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Trade Relations

Dáil Éireann Debate, Thursday - 23 June 2022

Thursday, 23 June 2022

Ceisteanna (98)

Richard Bruton

Ceist:

98. Deputy Richard Bruton asked the Minister for Foreign Affairs if he will report on the level of economic activity between Ireland and nations in Africa and the work to increase such activity. [33212/22]

Amharc ar fhreagra

Freagraí ó Béal (5 píosaí cainte) (Ceist ar Foreign)

Everyone in the House is acutely conscious of the vulnerability of many African economies in the face of the fallout from the massive increases in the cost of energy and other commodities. What initiatives are Ireland and the EU taking to strengthen the capacity of those countries to withstand this pressure?

The level of economic activity between Ireland and Africa is at an all-time high. In 2021, trade in goods was at a record level of €2.41 billion. Trade in services, also at a record level of more than €4 billion, has been a particular success story, with service exports to Africa up by more than 300% in the ten years to 2020. There was an increase of 8% in Irish agrifood exports to Africa in 2021, which was a remarkably good performance within a difficult international context affected by the Covid pandemic. Ireland is one of the leading global exporters of dairy products to west Africa, while Irish spirits exports to the continent grew by a further 133% in 2021.

The Government's new trade and investment strategy, which tallies directly with the Deputy's question, positions Ireland to expand and diversify our trading relationship with Africa while growing it sustainably. Africa is a large and growing market, offering great potential for increased trade and investment. The Government's Africa strategy prioritises mutually beneficial trade and investment. Last month, the Cabinet discussed progress on its implementation. Action under the strategy has included the opening of a new embassy in Morocco last year, with another to open in Senegal in the coming months. Our State agencies, including Enterprise Ireland, Bord Bia and IDA Ireland, have also strengthened their presence in Africa in recent years. Ireland has expanded its footprint in Africa, providing valuable entry points for new trade and investment.

Obviously, trade is an important focus of political engagements in the region. During my visit to Mozambique in May, I saw at first hand the potential for innovative partnerships. I met entrepreneurs in the areas of climate action and sustainability, who are supported by our embassy in Maputo. I also met Irish companies doing business locally in Mozambique. Importantly, the seventh Africa Ireland Economic Forum will take place on 30 June. This is a timely opportunity, coming out of the pandemic, to showcase the significant potential for growth in trade and investment between Ireland and Africa. The forum will bring business leaders from both together to generate new economic links.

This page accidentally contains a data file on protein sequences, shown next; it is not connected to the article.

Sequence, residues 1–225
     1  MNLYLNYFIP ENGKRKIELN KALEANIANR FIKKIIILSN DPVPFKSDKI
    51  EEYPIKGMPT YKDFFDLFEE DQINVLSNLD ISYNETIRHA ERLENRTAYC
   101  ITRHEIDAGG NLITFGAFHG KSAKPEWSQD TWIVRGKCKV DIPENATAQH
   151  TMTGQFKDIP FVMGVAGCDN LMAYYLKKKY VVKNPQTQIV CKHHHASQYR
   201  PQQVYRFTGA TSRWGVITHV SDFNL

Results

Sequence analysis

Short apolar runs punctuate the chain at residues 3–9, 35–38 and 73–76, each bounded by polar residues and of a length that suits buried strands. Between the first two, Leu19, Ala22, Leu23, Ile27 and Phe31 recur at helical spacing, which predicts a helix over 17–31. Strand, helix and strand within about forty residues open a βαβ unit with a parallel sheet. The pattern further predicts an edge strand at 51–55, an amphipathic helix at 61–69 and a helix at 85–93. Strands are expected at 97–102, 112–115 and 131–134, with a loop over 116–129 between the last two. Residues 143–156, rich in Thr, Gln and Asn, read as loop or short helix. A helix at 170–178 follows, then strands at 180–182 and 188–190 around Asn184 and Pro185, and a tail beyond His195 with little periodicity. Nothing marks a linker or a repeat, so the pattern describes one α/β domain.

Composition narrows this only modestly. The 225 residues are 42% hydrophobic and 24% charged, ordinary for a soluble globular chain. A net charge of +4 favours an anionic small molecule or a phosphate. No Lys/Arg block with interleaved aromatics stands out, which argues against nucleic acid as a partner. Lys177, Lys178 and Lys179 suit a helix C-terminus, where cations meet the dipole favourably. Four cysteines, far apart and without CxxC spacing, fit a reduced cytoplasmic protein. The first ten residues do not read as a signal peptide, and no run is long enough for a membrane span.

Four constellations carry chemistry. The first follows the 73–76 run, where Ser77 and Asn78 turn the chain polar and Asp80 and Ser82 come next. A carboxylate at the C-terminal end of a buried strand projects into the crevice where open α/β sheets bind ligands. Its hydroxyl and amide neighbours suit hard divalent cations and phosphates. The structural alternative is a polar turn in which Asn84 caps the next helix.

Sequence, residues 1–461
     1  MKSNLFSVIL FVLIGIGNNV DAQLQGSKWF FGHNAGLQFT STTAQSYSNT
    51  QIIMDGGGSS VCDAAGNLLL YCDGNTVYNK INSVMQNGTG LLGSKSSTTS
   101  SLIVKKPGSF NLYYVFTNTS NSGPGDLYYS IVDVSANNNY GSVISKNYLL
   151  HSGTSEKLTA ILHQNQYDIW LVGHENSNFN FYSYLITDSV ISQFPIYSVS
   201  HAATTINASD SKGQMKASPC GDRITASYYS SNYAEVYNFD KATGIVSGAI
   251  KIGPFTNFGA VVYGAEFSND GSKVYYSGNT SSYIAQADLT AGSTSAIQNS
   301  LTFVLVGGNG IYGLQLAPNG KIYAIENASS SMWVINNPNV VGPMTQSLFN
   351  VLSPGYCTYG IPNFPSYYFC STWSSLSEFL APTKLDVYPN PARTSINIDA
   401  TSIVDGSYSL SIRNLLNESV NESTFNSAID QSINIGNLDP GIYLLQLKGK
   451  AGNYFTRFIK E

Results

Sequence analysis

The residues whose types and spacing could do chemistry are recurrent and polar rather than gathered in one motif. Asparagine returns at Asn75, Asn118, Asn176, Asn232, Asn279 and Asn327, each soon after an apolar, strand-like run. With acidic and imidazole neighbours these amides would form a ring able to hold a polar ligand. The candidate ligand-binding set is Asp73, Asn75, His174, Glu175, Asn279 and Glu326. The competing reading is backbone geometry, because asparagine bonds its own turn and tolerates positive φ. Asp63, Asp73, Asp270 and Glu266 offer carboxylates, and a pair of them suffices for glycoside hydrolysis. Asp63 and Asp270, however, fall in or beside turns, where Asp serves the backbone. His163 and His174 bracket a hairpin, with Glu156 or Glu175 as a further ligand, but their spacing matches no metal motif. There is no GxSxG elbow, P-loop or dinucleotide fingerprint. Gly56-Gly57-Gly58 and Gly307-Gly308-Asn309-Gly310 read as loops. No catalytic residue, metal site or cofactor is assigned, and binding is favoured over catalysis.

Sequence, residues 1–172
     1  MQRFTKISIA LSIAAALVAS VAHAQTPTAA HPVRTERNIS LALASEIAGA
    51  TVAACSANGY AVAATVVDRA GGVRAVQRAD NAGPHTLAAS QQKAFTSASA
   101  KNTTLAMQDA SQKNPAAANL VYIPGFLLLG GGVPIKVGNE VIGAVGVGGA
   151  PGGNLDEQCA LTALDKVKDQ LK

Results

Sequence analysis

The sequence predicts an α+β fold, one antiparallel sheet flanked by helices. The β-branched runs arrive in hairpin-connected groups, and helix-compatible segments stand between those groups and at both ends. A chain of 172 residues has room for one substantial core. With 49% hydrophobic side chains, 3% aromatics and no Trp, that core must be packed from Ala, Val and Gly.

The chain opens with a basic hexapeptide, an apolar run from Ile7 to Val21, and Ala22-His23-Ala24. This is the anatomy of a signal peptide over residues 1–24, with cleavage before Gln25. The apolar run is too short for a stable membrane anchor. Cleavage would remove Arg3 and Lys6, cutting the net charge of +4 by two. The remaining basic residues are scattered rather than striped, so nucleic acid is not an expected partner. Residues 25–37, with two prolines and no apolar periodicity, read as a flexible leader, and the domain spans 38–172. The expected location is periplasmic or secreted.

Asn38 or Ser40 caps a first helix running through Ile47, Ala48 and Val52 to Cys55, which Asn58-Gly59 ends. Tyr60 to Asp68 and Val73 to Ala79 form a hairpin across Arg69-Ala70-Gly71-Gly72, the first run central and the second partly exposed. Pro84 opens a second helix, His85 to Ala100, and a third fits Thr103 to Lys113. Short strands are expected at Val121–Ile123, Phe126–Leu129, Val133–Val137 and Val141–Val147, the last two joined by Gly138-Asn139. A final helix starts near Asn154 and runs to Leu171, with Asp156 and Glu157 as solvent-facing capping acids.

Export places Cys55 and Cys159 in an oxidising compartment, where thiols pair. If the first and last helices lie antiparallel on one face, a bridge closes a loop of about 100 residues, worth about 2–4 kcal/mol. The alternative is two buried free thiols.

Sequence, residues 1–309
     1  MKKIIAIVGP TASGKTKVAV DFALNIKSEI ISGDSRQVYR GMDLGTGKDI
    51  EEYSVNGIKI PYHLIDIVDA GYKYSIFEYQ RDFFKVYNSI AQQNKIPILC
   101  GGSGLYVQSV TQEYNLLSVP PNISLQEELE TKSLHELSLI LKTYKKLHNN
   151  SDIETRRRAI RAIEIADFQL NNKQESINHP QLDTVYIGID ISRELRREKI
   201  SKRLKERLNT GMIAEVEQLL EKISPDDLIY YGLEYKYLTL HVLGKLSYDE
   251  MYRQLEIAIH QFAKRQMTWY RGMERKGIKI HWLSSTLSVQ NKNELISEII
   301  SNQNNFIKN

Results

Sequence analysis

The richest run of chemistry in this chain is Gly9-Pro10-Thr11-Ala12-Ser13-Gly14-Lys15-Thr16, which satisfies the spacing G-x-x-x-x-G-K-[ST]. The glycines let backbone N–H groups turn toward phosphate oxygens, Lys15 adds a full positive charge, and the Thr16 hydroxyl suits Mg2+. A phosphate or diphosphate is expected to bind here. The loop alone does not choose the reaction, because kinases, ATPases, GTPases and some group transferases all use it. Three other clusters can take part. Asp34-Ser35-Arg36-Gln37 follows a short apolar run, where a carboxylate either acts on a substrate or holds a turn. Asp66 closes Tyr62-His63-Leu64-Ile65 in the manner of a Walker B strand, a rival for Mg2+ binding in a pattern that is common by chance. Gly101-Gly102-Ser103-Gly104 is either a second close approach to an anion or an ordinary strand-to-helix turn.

As a country that has fairly recently developed from a relatively basic level, the role of foreign direct investment and joint ventures in the Irish domestic market has been absolutely crucial. Is there an effort to build that sort of investment and joint venture with Africa in a way that facilitates the development of its economies? Is the EU conscious of the threat to open trading, and the democratic values that go with it, in the context of the actions of other regimes that are currently taking advantage of difficulties in Africa to enter into long-term investment agreements and tie up commodities in a way that is not in the long-term interests of either those emerging economies or an open free trading model?

We are acutely conscious of what is happening in Africa in terms of some of the investment that is going in there and the way in which it is being delivered, particularly with a tie to trade. Both Ireland and the EU try to focus on developing mutually beneficial relationships with Africa, that is, relationships that focus on the development of economic ties and sustainability, particularly in key areas such as climate on which we can work beneficially with countries. At the heart of our development policy, as it is for our EU partners, is trying to reach those furthest behind and working with them to develop their economies.

There are other countries that engage in relationships with Africa where the trading relationship and aid relationship is not based on that approach. The links are very unfortunate in terms of what is happening. At all points, whether through our membership of the Africa Development Bank Group or the international agencies we work with locally, what we consistently try to do is to ensure our aid, trade and developments relationships are based on working in a particular way that will facilitate the development of the country in question as part of our work.

Questions Nos. 99, 101, 104, 107 and 114 are related and will be taken together. I am informed there is an error in the list in front of me and I must ask the House if Deputy Murnane O'Connor will be allowed to contribute to the discussion on this group as a questioner as opposed to a supplementary questioner. Is that agreed? Agreed. I understand Deputy Ó Cuív is substituting for Deputy Murnane O'Connor.

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